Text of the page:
• Some schools will accept dual credit or AP credits, but they will count as elective credits, not towards your major (this varies a lot depending on school and major)
  • Both options are much cheaper than traditional  college classes. AP tests cost $98, while dual credit classes cost roughly $200-300. The average cost for a 3 hour class in college is $1800-$3000.
  • Both dual credit and AP classes look good when colleges are evaluating course rigor, and getting good grades in either type of class can significantly boost your class rank and weighted GPA.
  • Both classes are more difficult than on-level or honors classes, and if you do not get good grades, it can lower your unweighted 4.0 GPA.
  • Dual credit transfers best to public, in-state universities.
  • Credit transfer depends on your school and major.
  • If you plan to go to an Ivy league you should take college-level classes to be competitive for admissions, but they are unlikely to accept AP credits, and do not accept dual credit.
  • 3 is the lowest AP test score colleges will award credit for, but many schools only award credit for scores of 4 or 5
  • To receive credit for a dual credit course you just need to pass the class with a C or above
  • Dual credit classes start later and end earlier than regular high school classes. Dual credit students usually get Fridays off too.
  • Dual credit is usually easier than AP, but the course material is less standardized and more is left up to the professor.
  • Dual credit students get the same perks as Collin College students, which include many free services and student resources.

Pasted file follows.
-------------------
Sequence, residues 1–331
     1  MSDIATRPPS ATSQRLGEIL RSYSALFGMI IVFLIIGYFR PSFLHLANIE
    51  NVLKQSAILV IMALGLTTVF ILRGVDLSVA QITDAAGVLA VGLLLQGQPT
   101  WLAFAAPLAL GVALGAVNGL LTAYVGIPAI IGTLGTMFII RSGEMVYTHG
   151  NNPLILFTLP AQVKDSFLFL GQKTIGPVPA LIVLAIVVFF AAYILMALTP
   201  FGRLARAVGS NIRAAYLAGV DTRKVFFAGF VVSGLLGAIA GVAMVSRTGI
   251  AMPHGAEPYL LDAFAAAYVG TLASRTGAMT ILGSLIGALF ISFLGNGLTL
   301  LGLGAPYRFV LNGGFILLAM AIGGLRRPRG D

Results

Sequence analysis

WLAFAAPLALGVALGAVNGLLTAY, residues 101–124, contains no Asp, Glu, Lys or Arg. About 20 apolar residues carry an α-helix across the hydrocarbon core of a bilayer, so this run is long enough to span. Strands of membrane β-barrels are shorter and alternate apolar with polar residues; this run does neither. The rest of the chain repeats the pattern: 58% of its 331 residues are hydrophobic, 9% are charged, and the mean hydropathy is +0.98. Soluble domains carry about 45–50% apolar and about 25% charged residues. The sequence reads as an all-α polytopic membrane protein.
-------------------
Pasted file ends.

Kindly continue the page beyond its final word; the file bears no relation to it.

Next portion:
Editor’s Note

Hi! I’m Tess Gagliano, a senior at PHS. During my high school years I’ve taken six AP classes and ten dual credits. My verdict? Dual credit wins hands down. It is more expensive than AP, (although still cheaper than college classes). But, not having to take an AP test alleviates so much stress. Not to mention, the classes themselves are so much less stressful. My professors have all been very nice, and besides reading the textbook and an occasional essay, I had virtually no homework for any of them. The late start and early finish gave me some extra free time, and made it so my finals weren’t all stacked on top of one another. I had about two weeks after my dual credit finals to study for my midterm tests in other classes. Plus, not having class on Friday was a huge perk. I’ve fully utilized some of the other perks that come with being a Collin College student. I get student discount rates on Spotify, Hulu, and at the Apple store. I use Grammarly Premium for all my essays and often schedule online tutoring and writing center appointments. As a prospective University of Texas-Austin student, all my dual credit and AP credits will transfer, but that will be different for everyone. The most important thing when choosing between the two is just looking at schools you are interested in to see if they will accept your credits. Even if the school you choose ends up not accepting your dual credit or AP scores though, I still believe both are great opportunities to challenge yourself, prepare for college, and build up your college and scholarship applications.

Leave a Comment
Donate to Eagle Nation Online
Our Goal

Your donation will support the student journalists of Prosper High School. Your contribution will allow us to purchase equipment and cover our annual website hosting costs.

More to Discover
Donate to Eagle Nation Online
Our Goal

Comments (0)

All Eagle Nation Online Picks Reader Picks Sort: Newest

Your email address will not be published. Required fields are marked *